Gage Skidmore / Flickr Devin Nunes...
Gage Skidmore / Flickr

Genealogist Jennifer Mendelsohn and other good folks over at #resistancegenealogy are veritable fonts of information about the family histories of those true blue blooded uber Americans of the clueless right who love to wrap themselves American flag and cast aspersions on the families of recent arrivals to our nation of immigrants but have less than Mayflower worthy credentials of their own.

Here are some samples of the fascinating things you can learn there:

About Fox News airhead Tomi Larhen, author of the crackpot statement — “You don’t just come into this country w/low skills, low education, not understanding language b/c someone says it makes them feel nice. That’s not what this country is based on.” — we learn….

(click documents for a larger view)

And the Racist-in-Chief’s Chief of Staff John Kelly?

Bet Giuseppe the wagon driver had an easier time of it with his oxen than Kelly does with the orangutan.

And speaking of the Orange maestro of mendacity, what about his other staff and fanboys?

Raw Story writes…

“On Thursday, Politico‘s Jennifer Mendelsohn wrote that many of President Donald Trump’s staunchest anti-immigrant allies are descended from immigrants who would not have been eligible to remain in the U.S. under the administration’s current policies.

As Immigration and Customs Enforcement (ICE) officials conduct a massive roundup of undocumented workers, Mendelsohn said that it’s worth pointing out that Tucker Carlson, Dan Scavino, Jr. and other anti-immigration figures have ancestors who would have been forced to leave the country under the Trump administration’s policies.

“From White House adviser Stephen Miller to Fox News commentator Tomi Lahren, many prominent anti-immigration voices advocate for immigration policies like merit-based systems and language-based preferences that would have barred their own families from coming to the United States,” Politico said.”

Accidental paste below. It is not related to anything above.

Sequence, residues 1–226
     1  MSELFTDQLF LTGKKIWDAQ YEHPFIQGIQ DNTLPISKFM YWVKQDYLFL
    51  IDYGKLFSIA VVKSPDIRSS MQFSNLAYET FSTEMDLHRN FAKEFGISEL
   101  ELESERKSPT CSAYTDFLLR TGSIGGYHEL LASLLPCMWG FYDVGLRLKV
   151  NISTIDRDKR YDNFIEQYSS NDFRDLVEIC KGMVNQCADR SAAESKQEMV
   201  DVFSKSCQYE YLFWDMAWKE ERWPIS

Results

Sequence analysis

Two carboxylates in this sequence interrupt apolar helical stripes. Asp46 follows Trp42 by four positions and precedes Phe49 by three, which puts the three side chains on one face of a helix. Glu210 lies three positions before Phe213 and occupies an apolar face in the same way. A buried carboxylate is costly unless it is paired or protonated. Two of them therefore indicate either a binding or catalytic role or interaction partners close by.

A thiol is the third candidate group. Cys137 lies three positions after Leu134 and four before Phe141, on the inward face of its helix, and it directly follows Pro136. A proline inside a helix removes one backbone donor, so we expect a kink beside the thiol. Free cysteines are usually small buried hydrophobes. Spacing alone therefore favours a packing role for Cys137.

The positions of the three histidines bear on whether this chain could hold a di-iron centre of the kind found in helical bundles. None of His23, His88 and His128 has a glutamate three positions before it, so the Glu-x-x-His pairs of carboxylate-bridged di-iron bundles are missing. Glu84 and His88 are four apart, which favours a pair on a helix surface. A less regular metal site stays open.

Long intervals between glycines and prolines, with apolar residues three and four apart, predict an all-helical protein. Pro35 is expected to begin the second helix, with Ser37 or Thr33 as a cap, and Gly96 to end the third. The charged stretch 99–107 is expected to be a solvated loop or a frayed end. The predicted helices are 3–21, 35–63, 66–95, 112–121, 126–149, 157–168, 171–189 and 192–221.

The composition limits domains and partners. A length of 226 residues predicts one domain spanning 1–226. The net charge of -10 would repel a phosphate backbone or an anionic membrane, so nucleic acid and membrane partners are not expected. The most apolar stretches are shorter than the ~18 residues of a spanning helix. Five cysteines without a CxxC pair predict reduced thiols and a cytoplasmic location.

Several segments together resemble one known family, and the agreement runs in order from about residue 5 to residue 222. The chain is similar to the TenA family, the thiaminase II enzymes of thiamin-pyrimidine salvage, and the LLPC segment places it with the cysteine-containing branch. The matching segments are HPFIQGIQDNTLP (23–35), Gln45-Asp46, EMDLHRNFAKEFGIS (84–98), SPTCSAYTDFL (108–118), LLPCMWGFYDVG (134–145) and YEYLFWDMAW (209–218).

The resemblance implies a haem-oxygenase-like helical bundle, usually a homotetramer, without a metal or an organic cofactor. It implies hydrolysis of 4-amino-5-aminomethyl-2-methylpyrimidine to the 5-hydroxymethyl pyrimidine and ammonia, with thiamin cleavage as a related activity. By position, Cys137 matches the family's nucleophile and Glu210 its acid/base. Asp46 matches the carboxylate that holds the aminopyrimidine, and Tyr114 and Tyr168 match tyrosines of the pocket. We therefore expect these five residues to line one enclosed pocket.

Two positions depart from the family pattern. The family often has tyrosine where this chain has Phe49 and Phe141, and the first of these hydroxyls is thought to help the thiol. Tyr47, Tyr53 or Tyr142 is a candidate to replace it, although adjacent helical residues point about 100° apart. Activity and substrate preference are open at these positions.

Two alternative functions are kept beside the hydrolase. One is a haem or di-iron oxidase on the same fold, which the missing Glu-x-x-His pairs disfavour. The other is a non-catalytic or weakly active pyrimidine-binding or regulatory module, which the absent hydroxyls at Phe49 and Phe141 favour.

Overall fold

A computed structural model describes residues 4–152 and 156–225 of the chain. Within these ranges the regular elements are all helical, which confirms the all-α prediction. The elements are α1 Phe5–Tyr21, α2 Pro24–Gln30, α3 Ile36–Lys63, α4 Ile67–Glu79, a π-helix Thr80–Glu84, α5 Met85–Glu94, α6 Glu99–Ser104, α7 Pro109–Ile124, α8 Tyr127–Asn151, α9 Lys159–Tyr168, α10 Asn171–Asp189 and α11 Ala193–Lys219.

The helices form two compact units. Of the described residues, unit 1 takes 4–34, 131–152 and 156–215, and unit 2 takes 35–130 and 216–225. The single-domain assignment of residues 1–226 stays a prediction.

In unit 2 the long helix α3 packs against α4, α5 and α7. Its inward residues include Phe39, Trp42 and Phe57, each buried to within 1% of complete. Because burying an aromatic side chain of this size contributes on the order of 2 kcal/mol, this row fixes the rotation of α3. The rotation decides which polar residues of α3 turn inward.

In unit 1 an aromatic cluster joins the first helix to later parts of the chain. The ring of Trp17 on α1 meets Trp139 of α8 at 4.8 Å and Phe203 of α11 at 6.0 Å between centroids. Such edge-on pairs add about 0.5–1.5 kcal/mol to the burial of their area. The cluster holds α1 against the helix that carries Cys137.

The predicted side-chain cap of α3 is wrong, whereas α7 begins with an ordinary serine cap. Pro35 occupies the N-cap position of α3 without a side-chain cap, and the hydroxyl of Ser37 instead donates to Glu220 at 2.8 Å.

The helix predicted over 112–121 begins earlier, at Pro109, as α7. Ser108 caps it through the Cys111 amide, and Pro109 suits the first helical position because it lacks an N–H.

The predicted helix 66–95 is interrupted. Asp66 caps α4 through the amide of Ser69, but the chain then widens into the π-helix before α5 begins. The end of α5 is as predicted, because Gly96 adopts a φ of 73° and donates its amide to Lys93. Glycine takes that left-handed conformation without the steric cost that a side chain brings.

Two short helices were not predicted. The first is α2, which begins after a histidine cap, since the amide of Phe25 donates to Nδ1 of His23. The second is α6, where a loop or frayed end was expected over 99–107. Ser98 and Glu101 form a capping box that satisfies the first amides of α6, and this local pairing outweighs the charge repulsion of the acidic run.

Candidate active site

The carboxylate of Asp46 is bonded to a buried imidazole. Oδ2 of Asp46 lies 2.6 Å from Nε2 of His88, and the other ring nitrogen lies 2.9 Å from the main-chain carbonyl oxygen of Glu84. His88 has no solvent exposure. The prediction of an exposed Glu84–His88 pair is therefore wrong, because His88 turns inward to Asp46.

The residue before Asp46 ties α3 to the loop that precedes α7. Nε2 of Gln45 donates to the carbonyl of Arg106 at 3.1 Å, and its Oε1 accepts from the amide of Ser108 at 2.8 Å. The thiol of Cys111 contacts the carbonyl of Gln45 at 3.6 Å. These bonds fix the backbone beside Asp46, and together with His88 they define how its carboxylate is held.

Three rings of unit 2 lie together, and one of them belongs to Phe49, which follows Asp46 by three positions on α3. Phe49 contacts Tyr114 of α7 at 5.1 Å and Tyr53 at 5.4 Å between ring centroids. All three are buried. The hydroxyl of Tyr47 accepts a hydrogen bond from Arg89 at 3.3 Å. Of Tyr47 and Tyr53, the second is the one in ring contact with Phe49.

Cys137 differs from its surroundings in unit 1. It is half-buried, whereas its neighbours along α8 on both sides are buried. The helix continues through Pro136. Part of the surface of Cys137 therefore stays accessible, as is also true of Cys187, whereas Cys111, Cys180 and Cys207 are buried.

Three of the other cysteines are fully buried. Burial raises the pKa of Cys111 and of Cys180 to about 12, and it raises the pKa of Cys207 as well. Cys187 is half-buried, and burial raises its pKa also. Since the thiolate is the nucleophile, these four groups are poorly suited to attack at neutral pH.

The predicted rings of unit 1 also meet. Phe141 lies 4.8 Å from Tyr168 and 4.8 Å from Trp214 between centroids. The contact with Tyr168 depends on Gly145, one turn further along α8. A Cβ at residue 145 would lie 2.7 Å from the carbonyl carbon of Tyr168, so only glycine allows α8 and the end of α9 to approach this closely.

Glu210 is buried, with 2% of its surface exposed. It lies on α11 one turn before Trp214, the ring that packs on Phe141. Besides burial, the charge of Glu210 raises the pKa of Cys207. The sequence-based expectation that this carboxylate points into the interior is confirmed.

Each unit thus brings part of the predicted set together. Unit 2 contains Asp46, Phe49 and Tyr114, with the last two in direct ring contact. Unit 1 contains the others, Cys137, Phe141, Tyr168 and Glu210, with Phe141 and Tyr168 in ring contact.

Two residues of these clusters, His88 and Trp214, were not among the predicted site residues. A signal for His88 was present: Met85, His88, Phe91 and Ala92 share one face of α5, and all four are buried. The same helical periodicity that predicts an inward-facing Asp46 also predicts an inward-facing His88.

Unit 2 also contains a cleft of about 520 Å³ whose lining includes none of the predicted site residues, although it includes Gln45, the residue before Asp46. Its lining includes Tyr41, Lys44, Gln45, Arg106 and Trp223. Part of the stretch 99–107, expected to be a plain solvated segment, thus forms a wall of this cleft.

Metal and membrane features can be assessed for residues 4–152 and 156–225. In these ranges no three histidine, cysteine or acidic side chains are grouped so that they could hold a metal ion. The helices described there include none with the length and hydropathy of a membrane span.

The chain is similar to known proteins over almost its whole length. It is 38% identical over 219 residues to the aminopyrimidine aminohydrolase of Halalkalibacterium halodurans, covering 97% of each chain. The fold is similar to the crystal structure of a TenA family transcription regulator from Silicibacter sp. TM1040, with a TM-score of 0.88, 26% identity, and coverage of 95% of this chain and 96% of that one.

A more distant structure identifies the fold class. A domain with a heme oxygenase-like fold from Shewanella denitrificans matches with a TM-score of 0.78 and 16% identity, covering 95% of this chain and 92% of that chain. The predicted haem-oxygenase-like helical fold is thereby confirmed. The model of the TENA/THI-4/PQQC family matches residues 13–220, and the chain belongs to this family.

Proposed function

But my personal favorite pruning of a family tree comes from Genealogist Megan Smolenyak who points the way to her article on about nobody’s favorite Trump suck-up Devin Nunes.

“There’s a lot to digest in Jason Zengerle’s New York Times Magazine feature, “How Devin Nunes Turned the House Intelligence Committee Inside Out,” but, as a genealogist, one aspect jumped out at me more than it probably would for most. A healthy chunk of Zengerle’s exploration is devoted to the California congressman’s ties to Portugal and his curious efforts to establish American intelligence operations at Lajes Field on the Azorean island of Terceira, despite the notion being deemed impractical by many in the upper echelons of the U.S. government. Zengerle cites the frustration of those caught in the middle of Nunes’s agenda, like Jim Townsend, who served under President Obama as Deputy Assistant Secretary of Defense (DASD) for Europe and NATO:

“Nunes created so much rancor over the issue that some American officials came to question his motives, and even his patriotism. “I was having a hard-enough time being beaten up by the Azoreans and the Portuguese, but it was even harder seeing a congressman being in cahoots with them,” Townsend says. “It was like, ‘Whose team are you on?’ ” A former Pentagon official suspects that during the Lajes negotiations, Nunes was making the Portuguese privy to things they should not have known. “We would have a conversation about some proprietary matters with Nunes,” this official says, “and then the next day, somehow, Portugal knew some of that.”

It’s no secret that Nunes is of Portuguese — more specifically, Azorean — descent, so why should this grab my attention — aside from the fact that it would be peculiar behavior for any congressional representative and that the President of Portugal namechecked Nunes in a chat with Trump even before his inauguration?”

Megan even provides some telling graphics:

Nunes’ great-grandmother Maria was unable to speak English after 30 years in America.


“It also seems that becoming an American citizen was not a priority for Nunes’s family. Some of the nine immigrant relatives listed in the initial chart never went through the naturalization process, but here’s a summary of those who did. Collectively, they took an average of 30.8 years from their date of arrival to do so.”

I haven’t really done justice to Megan’s article or to resistancegenealogy, you should click over there and explore yourself.

Twitter users there also tell the inspiring stories of there own immigrant families journey to America…

…just great stuff!

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